I wrote this after last year‘s trip and it still holds true: Yosemite basically puts almost everything to rights. It is clean air and the high mountains — lavender some times, grey-blue at others — rising behind Curry Village nearly close enough to touch and granite warmed by the summer sun. It is childhood and memory and climbing and hiking and sweat in your eyes. It is quiet. It reminds you to breathe even when it takes it away (the altitude gains, the sheer beauty of the place). It is the most gorgeous place on earth to me — magical, yet so solid and real that I only need picture it in my mind to be soothed.
My Yosemite is comforting and wild all at once: I never forget that bears lurk in the woods and fields – though we didn’t see any this trip and they are quite shy for the most part – and the waterfalls, though beautiful, can be treacherous. But no doubt this is why I love it so.
I made a silly little video taken from atop Clouds Rest – the clouds were indeed resting, and some of them were quite dark; we got rained on a bit, enough so that we left pretty quickly once we made it up there – that I will post here. The quality maybe is not the best, there’s a lot of wind rushing about, and a guy up there (wearing the hat) could barely hide his laughter at my foolish little narration (me, too). But for all that I think it captures just a tiny piece of the spirit of the place from the high country looking down into the valley, storm clouds and all. From me to you – Yosemite, now and always.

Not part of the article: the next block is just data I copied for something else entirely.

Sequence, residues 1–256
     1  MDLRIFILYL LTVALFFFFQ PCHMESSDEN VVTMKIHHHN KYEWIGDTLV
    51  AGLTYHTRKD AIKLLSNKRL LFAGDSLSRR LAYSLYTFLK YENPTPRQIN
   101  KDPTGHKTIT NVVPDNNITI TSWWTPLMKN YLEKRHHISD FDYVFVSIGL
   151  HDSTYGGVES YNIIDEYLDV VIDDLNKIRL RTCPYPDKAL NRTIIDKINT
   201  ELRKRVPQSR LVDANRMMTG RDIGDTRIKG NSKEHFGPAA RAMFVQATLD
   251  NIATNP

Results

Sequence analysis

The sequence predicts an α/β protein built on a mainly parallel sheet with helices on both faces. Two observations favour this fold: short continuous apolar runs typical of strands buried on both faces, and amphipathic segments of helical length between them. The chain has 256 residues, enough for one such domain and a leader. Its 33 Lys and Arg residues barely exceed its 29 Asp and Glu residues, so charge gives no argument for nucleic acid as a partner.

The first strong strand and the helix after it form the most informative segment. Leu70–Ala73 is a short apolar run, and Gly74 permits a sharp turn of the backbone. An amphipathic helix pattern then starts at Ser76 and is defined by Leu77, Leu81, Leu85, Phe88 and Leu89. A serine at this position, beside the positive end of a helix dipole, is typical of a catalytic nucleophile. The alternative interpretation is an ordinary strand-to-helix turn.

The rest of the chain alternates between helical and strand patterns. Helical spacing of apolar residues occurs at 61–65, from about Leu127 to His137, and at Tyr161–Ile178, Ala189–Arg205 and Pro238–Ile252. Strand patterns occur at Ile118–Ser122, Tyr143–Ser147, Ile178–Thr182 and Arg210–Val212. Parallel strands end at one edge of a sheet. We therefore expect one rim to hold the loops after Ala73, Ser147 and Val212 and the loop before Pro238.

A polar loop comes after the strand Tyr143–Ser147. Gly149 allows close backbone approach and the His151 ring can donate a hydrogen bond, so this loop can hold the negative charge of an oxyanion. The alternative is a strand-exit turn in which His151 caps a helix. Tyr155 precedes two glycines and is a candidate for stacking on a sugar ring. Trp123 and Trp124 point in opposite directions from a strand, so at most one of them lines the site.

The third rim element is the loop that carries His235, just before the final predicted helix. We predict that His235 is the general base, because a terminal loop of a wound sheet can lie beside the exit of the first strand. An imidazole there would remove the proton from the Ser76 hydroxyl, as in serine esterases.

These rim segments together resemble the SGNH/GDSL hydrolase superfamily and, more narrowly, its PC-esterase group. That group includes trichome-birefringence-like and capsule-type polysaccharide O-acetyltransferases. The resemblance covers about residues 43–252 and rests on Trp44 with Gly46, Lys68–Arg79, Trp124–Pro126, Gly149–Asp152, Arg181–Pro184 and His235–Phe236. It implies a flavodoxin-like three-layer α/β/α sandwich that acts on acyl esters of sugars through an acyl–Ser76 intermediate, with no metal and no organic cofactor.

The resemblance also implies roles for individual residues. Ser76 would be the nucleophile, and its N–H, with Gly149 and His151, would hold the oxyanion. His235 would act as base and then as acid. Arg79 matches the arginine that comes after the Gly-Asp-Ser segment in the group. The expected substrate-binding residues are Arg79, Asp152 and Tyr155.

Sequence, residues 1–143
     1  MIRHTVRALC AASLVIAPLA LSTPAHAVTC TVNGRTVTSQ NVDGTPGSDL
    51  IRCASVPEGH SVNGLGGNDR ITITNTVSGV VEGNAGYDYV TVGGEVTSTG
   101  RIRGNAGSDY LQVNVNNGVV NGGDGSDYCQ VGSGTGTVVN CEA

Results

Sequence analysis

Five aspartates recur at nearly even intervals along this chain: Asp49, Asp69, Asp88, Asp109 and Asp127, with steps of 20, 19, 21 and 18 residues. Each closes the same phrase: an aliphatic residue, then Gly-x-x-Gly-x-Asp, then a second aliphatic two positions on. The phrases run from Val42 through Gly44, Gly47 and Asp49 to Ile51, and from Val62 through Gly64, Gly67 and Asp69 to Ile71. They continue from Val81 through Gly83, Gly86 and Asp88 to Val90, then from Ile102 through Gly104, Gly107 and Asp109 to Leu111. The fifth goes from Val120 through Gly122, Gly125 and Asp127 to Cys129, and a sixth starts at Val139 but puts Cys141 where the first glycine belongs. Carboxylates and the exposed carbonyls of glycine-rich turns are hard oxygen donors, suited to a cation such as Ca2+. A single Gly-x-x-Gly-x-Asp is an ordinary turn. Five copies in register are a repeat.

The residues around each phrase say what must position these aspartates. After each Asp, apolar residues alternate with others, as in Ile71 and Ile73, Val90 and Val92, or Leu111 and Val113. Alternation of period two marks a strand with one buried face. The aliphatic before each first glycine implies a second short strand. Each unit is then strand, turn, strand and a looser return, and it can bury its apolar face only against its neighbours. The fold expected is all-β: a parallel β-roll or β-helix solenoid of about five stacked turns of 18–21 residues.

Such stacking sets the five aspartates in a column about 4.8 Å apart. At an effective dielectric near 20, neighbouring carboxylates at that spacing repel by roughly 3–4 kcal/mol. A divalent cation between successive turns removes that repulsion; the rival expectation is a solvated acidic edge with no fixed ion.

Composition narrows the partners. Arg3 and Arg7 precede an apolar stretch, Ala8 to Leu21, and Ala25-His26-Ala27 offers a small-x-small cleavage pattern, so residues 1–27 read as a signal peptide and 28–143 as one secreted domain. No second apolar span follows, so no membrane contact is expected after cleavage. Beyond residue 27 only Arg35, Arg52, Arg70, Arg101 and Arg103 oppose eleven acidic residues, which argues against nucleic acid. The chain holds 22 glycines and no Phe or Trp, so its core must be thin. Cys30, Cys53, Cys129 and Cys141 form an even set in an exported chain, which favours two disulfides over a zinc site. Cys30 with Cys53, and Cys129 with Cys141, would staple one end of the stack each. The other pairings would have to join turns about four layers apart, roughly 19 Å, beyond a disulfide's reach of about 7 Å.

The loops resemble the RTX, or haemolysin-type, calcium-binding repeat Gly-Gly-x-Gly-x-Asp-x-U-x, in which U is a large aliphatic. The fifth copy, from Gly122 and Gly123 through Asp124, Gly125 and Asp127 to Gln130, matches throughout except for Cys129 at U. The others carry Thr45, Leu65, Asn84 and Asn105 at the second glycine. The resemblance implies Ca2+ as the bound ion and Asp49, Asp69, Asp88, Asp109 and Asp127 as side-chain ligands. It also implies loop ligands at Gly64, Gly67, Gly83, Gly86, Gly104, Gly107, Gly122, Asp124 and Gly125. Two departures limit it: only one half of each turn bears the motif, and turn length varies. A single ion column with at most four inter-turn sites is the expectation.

… the blessings of one mountain day; whatever his fate, long life, short life, stormy or calm, he is rich forever.
~ John Muir, My First Summer in the Sierra
Re the name, via wikipedia: Lafayette H. Bunnell, a medical doctor with the Mariposa Battalion, notes that his party named the summit Clouds Rest because they returned to camp to avoid a snow storm after seeing “the clouds rapidly settling down to rest upon that mountain.”